If you’re reading this article, you’re one step closer to a synopsis of the Millennial generation and their growing impact. A must read for brands, they’re influencing virtually every business segment while leaving a legacy for their Gen Z children to follow. Some companies are adapting to this sea change. Others have been slow in the process.

Following are a few key points to know and remember:

They Want To Change The World.. really!

Millennials sometimes get a bad reputation when all they want is to make the world a better place. They respect the environment, prefer healthier foods, and enjoy charitable giving. This has led to a resurgence in responsible manufacturing, healthier restaurant menus and helping underfunded charities. What’s wrong with that? The name (Gen Y), is fitting as they strive for purpose in life, welcome responsibility at their jobs, and seek to make a difference. This means they gravitate towards companies who value the same and who have a clear mission statement concerning their reason for being – never a bad thing when building a brand.

They Want To Be Loyal: They Just Want To Know Why

Millennials are actually brand loyalists. Though they’re willing to experiment with new brand introductions, they stick with products they like and take no time telling their friends. For companies who take their branding seriously, isn’t this word-of-mouth a good thing? They’re raising the bar.

Consequently, tried and true brands loved by Baby Boomers, be it in fashion or automobiles, are not necessarily the brand choice for Millennials. They have their own identity and tend to be more investigative, prudent, with less interest in the excesses found in prior generations. Does that mean they always look for discounts? Not always. Intrinsic value, being authentic as a brand, and how they experience your brand are just as important as the cost or cool factor. This includes luxury goods.

As a result, many brands are finding the need to rebrand or create new divisions better suited to reach this influential group.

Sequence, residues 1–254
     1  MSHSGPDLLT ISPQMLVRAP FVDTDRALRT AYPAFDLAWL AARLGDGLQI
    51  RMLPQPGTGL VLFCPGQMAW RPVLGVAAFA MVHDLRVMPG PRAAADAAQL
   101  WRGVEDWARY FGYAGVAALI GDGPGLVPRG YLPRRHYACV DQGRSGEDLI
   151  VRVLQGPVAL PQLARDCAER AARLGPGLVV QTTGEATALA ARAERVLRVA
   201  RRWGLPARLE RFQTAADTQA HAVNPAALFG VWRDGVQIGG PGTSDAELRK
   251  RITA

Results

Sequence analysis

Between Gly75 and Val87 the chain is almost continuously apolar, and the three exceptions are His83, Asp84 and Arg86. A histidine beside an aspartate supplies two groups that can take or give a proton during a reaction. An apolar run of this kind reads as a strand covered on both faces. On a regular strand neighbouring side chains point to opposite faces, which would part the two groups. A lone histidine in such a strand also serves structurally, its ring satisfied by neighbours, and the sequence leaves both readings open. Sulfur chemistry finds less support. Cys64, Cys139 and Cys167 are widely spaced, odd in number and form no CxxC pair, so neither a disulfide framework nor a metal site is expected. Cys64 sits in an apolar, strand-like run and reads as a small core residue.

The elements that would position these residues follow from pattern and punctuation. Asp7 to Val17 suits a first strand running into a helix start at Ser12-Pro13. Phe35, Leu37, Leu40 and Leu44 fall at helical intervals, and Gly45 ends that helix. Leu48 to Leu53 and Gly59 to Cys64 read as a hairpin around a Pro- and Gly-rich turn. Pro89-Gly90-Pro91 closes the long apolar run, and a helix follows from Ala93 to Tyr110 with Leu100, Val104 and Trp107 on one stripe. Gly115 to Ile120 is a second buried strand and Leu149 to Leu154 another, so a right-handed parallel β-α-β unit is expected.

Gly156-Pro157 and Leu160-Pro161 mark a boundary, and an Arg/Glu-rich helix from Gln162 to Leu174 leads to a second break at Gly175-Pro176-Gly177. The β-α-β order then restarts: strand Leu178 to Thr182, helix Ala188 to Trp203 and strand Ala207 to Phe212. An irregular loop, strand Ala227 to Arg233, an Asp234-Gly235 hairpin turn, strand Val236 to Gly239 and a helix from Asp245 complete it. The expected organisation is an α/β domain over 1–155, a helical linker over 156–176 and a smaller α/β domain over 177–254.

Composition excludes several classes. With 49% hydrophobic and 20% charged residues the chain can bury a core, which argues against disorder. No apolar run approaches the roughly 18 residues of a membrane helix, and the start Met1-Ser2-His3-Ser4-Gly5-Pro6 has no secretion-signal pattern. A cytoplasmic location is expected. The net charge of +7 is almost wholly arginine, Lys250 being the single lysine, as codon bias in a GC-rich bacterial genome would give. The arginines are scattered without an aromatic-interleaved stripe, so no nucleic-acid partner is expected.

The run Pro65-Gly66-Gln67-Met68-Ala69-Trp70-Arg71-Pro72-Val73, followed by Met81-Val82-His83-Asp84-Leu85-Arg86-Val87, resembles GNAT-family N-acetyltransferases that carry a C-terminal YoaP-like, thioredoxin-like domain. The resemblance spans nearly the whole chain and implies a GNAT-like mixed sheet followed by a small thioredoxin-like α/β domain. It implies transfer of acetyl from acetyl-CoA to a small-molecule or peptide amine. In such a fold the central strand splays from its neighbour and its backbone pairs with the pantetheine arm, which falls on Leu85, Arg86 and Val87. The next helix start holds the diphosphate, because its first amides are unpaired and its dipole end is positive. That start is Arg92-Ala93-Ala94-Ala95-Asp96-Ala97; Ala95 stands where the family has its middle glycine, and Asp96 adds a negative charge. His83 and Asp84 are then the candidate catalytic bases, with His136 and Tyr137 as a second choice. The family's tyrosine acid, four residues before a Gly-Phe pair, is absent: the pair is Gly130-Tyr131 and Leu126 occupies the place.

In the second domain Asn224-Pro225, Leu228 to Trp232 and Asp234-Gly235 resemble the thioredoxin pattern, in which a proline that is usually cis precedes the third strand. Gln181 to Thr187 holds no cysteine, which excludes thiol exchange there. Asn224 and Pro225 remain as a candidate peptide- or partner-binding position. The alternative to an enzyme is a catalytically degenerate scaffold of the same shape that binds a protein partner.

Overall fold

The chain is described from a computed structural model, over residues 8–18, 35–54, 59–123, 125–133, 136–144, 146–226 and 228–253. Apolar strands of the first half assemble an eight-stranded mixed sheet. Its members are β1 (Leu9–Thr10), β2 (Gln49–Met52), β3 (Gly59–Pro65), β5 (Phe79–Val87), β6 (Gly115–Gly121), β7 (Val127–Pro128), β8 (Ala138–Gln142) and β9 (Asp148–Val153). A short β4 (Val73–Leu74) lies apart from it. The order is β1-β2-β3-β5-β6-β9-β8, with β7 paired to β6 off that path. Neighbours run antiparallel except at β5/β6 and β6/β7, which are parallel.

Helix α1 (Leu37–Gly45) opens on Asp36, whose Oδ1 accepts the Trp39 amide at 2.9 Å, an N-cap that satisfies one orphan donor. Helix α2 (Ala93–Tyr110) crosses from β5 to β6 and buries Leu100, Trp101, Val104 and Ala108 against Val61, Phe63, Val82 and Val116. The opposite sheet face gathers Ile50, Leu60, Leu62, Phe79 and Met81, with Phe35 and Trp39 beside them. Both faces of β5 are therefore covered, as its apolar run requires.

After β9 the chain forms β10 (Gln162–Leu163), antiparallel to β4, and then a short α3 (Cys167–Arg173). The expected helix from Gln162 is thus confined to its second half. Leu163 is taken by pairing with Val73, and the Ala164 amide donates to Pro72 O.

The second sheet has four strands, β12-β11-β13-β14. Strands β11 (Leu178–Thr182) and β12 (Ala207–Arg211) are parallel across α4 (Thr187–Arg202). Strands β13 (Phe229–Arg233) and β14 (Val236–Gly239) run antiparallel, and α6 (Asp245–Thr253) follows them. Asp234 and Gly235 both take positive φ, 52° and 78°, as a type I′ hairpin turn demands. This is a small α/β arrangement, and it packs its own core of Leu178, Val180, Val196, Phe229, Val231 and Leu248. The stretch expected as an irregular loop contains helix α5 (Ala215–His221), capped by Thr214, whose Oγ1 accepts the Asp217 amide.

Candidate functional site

This isn’t as mysterious as it seems.

Generational Period Effects

Practically speaking, every generation has its own influence on culture and commerce, which includes “period effects” such as technology, social movements, and other socioeconomic developments. I remember being an early adopter of the “brick” phone by Motorola and feeling like James Bond. How far we’ve come.

It should be no surprise, therefore, that going online these days is more attractive than waiting on line and having breaking news instantly is far better than printed news that becomes obsolete even before it’s distributed.

Omnichannel Engagement: Brick & Mortar

Surprisingly, in spite of a wired world, Millennials do like shopping in-store. They may first research products online and ask their friends about it, but then head to the store so they can touch and feel it. This is where brands need to ensure that the touchpoints for their brand are in alignment to provide the most accurate and fulfilling engagement.

“Surprisingly, many Millennials enjoy brick & mortar shopping as they seek an interconnected brand experience.”

Here’s what I’ve witnessed on the client side:

1) One group that thinks their brand is impervious to Millennials

2) Another that’s waking up to this new landscape

3) Groups that are actively planning for it


Key Takeaways:

1) They’re Touching Every Business Sector

From fast fashion to accessing professional services, to reshaping restaurants and hotels, Millennials are impacting virtually every known business sector.

Sure, they have their quirks. They like to be hands-on, sometimes to a fault, but remember they’ve been accessing and absorbing information at a much faster pace than Baby Boomers ever did. They like to learn – including discovering how committed a company is to their products and how they impact the world around them.


2) They’re Not All “20 Somethings”

It’s important to note that there’s a fairly wide age gap between them – let’s call it 19-36. For marketers, this means that connecting with a 20-year-old is different than connecting with an older young adult who is married with children. Don’t lump Millennials into one stereotypical group.

3) Spending Power

According to estimates, Millennials will spend more than $200 billion annually starting in 2017 and possibly $10 trillion in their lifetimes. In fact, they may be the largest consumer generation in history. How is this possible when they have huge college debt and living with mom as the cliche goes? Well, for starters, low overhead while they come up with the next Silicon Valley or startup phenomenon.

4) They Relish Community

It’s almost a paradox that the same technologies preventing human interaction are the same technologies that bind Millennials (and us) together – texting rather than calling…Skype rather than meeting in-person.

For marketers, this means having a compelling brand story and content worth sharing with peers and friends. Don’t sell me. Educate me on your product, and if I can have fun in the process (life is so short after all), you have my attention.

5) Don’t Throw Your Eggs In One Basket

Millennials are an emerging group as any other. One well-known restaurant chain went overboard catering to Millennials and ended up losing a loyal segment of their customer base. There’s no need to do that. Simply learn how to connect with them.


To their credit, what the Millennial generation is teaching marketers is that they own up to rudimentary propositions such as value, quality, and service.

On the flip side, Millennials should always remember that the very technologies they enjoy today were mostly pioneered by Baby Boomers…:)

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